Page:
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16 local groups join USA Cycling's RaceClean program

By:
Ted Burns
Published:
January 24, 2014, 19:53 GMT,
Updated:
January 24, 2014, 18:55 GMT
Edition:
Second Edition Cycling News, Friday, January 24, 2014
The United States Anti-Doping Agency (USADA)

The United States Anti-Doping Agency (USADA)

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Grassroots anti-doping effort expands

On January 21st USA Cycling publicly announced that 16 local associations, which comprise 70% of its membership, have joined the RaceClean program. The program, which is entering its second year, is aimed at local associations and offers matching funds - up to $3500 - to pay for anti-doping controls at local events.

RaceClean participants include some of USA Cycling's largest districts: New York, California, Colorado, Illinois, and New England. The testing portion of RaceClean is composed of three different initiatives: local association testing, and the in-competition testing and out-of-competition/no advance notice list that are primarily aimed at regulating the professional ranks and national championships. The cost of these two programs is funded through several sources including participating events, professional teams, donations, and USA Cycling.

The total budget for RaceClean varies, but it runs approximately $270k, depending on the number of races, teams, and local associations that participate in a given year. According to Shawn Farrell, USA Cycling's Technical Director, most of the budget is focused on in-competition testing, which is carried out by the US Anti-Doping Agency (USADA) at major events such at national championships, UCI cyclo-cross races, and the National Criterium Calendar and National Racing Calendar events.

The most unique aspect of RaceClean is the grassroots leg of the program. If a local association decides to join, USA Cycling will provide matching funds for one or two days of testing at events within that racing district. A local association can choose between two price points, $1750 for one day of testing, or $3500 for two days of testing. USA Cycling then provides matching funds, through RaceClean, to cover the full cost of testing. In an agreement negotiated with USADA, RaceClean matches the local associations' payment in order to pay the full $3500 for a single day event, or $7000 for two days.

The limiting factor in testing at the local level is not the will or desire to test, but cost. Testing for up to six riders at a one-day event runs close to the $3500 fee, which is the cost negotiated under the USA Cycling/USADA RaceClean contract. According to USA Cycling's Shawn Farrell, increasing the scope of the program will require time, and more importantly, better funding. "It is going to grow I'm sure," said Farrell about the future of RaceClean's grassroots initiative. "But to make it really, really big we need to look at ways of financing on a whole new level."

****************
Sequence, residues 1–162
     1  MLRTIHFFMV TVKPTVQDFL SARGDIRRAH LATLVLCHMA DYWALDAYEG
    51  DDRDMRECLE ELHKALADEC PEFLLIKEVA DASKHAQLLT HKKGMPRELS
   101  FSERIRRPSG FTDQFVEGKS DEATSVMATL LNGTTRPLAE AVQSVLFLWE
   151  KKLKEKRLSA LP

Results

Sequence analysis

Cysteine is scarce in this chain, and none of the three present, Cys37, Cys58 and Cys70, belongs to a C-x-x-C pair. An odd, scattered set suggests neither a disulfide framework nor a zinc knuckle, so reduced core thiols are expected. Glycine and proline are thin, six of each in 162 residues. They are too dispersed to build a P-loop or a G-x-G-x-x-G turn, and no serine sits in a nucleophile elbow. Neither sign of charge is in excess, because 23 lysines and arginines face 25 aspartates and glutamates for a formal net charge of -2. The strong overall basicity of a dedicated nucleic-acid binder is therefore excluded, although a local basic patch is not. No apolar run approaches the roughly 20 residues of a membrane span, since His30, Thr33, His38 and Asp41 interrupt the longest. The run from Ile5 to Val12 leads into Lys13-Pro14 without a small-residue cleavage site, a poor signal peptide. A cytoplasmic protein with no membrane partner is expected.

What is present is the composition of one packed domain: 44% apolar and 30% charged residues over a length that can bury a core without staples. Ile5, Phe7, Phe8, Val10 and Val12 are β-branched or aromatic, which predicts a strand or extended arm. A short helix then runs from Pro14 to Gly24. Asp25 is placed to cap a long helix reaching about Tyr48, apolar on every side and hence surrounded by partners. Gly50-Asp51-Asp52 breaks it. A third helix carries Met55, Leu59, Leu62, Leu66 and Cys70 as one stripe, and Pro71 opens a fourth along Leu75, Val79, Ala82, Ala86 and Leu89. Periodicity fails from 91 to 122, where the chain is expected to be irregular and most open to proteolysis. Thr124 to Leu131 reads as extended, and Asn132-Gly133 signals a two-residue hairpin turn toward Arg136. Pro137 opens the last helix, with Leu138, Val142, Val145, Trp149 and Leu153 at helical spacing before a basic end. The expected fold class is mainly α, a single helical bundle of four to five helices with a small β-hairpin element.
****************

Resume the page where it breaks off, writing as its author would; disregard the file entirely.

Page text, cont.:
In its current form, RaceClean will only cover a total of one or two days of testing. Should a local association desire more events or riders to be tested, they are free to do so, but will need to foot the bill on their own.

The idea of a concerted testing at the local level is not new. Fed up with concerns about doping at the masters level, several Florida cyclists implemented the Florida Clean Ride Fund in 2012. The privately funded program, spearheaded by Jared Zimlin and Ryan Saylor, raised enough money to carry out 13 individual tests over three events in its first year. The focus of Clean Ride's testing efforts is primarily targeted at elite and masters events, and has resulted in at least three separate USADA sanctions, including the suspension of Yoelkis Aria last fall.

Zimlin, now president of the Florida Bicycle Racing Association, feels that programs like Clean Ride and RaceClean, don't just catch cheaters but help to restore credibility within the racing community. "The double effect of testing is that it also validates results," said Zimlin. "We've had riders from Florida, that have been tested, like David Guttenplan (AG Bicycles/Guttenplan Coaching), who finished in the overall top ten in the National Criterium Calendar."

Though limited in scope, the program has been well received amongst the participating associations. New York State Bicycle Racing Association president Jeff Poulin, who is also the race director for the Chris Thater Memorial Criterium, is optimistic about RaceClean's future. "I'm a big fan of the RaceClean program and NYSBRA is a huge fan of the program," said Poulin. "I would like to see it expand, and I would also like it to see it have a positive impact on amateur level racing."

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